Kojic acid: whiten the Japanese way!

Kojic acid is a skin whitening ingredient developed in Japan in 1989. It is a by-product of the fermentation of rice that produces "sake," the popular Japanese wine. kojic acid in sake

It works by inhibiting the enzyme tyrosinase from converting tyrosine to eumelanin. Eumelanin is the black pigment responsible for skin darkening.

It is also a UV light absorber. This helps U.V. light from causing melanin production on the skin.

Kojic is an unstable compound. When exposed to light or air, it may turn into brown and lose its efficacy. Therefore, most cosmetic preparations use the stable kind which is kojic acid dipalmitate.

Are you using a kojic acid-based product that works for you? Let the world know by sharing a brief testimonial here....

How effective is kojic dipalmitate in skin lightening?

Numerous trials have shown it to be more effective than glycolic acid and hydroquinone. Plus, it is a natural ingredient unlike the latter that are synthetic.

Hydroquinone is considered the gold standard in melanin inhibition. However, when you use hydroquinone-based products, you have to stay away from light and the sun as much as possible. Because it is a strong whitening agent, it can cause reddening or allergies which may further damage your skin.

Because of these risks, hydroquinone is only to be used under medical supervision.


Aside from skin whitening, this Japanese whitening wonder is also used in food as a preservative. It is used, for instance, in apples to prevent it from browning when opened. As an anti-browning agent, it is also used in preserving the pink color of shrimps. And it is used to ripen tomatoes as well.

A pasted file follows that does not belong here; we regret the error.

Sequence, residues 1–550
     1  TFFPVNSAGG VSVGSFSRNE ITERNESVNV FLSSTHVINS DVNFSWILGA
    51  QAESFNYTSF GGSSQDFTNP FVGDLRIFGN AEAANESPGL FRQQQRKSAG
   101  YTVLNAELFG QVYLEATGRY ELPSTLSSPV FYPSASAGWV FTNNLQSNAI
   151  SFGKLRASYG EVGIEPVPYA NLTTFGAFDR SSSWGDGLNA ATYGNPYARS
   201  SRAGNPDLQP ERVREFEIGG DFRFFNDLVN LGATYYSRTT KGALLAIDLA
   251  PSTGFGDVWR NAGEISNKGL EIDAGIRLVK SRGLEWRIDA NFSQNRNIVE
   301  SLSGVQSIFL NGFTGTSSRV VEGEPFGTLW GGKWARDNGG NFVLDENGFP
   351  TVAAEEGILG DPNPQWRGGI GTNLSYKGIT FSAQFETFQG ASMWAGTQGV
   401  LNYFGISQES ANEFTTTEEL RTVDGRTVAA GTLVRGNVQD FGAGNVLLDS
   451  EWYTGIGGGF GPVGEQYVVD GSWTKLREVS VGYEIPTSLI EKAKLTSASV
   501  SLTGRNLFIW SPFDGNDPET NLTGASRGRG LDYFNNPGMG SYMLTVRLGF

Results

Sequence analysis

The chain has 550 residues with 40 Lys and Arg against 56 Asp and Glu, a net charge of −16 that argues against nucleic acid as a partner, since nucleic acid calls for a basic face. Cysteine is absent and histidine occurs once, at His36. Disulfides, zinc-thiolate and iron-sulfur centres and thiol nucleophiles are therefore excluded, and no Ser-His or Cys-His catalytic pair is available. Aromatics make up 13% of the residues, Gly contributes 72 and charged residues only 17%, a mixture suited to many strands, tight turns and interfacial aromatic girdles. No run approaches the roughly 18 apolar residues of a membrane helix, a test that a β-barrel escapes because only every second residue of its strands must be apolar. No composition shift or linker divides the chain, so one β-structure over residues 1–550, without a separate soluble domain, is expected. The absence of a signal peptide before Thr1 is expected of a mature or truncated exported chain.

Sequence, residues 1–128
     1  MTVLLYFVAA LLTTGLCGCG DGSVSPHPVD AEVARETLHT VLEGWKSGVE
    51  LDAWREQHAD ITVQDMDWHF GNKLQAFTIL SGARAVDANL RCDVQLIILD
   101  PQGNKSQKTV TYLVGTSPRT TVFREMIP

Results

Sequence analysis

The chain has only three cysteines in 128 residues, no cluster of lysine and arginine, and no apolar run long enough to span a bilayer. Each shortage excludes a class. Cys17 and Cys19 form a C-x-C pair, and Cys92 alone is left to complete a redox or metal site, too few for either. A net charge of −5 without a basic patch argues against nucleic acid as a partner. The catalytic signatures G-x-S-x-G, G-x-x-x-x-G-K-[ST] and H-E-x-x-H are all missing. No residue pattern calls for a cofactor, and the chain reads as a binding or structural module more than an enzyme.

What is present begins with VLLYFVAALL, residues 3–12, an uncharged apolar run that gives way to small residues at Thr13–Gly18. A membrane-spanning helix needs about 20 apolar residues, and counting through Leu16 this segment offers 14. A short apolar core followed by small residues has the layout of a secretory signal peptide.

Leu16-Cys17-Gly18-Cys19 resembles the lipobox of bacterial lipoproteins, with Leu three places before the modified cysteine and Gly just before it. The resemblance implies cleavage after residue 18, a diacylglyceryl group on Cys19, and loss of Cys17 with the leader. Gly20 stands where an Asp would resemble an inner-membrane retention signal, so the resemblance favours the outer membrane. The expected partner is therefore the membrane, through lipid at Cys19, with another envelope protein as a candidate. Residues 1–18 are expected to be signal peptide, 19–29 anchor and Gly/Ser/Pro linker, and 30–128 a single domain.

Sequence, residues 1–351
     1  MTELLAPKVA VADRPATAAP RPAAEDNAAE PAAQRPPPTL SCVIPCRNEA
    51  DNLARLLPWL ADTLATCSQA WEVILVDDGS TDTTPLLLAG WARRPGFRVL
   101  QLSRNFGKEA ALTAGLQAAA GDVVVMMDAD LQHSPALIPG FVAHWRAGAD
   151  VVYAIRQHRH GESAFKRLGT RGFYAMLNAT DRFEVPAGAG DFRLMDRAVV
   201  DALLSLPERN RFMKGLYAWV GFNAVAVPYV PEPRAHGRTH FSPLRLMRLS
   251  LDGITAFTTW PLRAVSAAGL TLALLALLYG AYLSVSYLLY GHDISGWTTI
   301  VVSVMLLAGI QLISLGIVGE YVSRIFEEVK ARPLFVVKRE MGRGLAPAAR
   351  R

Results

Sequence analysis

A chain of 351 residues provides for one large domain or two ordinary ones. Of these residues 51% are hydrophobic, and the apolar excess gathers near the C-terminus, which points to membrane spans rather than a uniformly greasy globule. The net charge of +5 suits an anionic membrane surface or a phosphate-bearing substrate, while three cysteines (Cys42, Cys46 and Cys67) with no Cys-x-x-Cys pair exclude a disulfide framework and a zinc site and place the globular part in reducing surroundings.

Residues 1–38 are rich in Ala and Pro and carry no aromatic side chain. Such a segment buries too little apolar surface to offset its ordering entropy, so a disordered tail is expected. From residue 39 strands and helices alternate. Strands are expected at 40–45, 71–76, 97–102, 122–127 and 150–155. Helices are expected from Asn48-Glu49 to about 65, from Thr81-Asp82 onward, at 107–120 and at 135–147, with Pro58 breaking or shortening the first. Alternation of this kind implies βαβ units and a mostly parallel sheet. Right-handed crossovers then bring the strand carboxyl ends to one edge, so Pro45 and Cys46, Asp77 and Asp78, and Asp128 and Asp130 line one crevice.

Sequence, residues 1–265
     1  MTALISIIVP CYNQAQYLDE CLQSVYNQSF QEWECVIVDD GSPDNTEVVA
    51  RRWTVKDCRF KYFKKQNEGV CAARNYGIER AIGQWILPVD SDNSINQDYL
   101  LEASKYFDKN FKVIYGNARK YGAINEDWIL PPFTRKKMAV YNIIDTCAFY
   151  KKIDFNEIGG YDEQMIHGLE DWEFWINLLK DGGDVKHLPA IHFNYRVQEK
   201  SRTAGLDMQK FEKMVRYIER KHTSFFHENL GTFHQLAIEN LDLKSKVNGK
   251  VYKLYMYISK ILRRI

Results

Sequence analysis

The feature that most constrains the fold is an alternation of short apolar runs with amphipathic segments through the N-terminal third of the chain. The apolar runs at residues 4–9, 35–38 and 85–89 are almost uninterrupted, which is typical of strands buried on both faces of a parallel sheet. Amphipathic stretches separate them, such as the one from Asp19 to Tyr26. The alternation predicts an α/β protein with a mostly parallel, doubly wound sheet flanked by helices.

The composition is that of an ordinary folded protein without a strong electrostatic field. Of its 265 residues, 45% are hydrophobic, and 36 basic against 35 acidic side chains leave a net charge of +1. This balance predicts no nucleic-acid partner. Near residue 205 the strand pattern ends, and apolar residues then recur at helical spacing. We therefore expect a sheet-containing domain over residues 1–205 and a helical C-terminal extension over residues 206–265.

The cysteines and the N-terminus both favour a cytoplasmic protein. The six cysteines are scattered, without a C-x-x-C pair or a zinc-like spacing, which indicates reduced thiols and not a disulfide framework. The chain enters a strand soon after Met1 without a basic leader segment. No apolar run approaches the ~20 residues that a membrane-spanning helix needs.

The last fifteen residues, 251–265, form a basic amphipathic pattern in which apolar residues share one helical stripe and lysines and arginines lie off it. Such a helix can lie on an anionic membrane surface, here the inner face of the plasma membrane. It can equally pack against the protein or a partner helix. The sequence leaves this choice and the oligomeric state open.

In Japan, kojic can be found as ingredient in toothpaste, bath salts, body lotions and even sunscreens. For the toothpaste, it is used because of its antibacterial and whitening properties.


There are some rumors about kojic dipalmitate as carcinogenic. To put our apprehensions about using this superior whitening product to rest, read this:

In a study published in Monographs (Volume 79) called "Kojic acid: Exposure data," researchers concluded:

"there is inadequate evidence in humans for the carcinogenicity of kojic acid."

Kojic-based soaps, lotions, creams, and toners: DO THEY WORK?

Yes, they do. The usual concentration of kojic dipalmitate in skin preparations is 0.2 to 1%.

There are products, however, that contain more than that. In fact, the kojic-papaya soap that I am using has 4% kojic dipalmitate. And just like me and the thousands who are using it, there is no unpleasant side effect. Just skin whitening.

Top skin whitening brands in the market today almost always have kojic as one of the whitening ingredients. Check yours if it has this super whitening ingredient today!

Would you testify that kojic whitened your skin? Share your best kojic whitening experience here!

What is the best kojic skin whitening product that you have used?

Share your whitening experience with kojic acid-based soaps, creams, or lotions!

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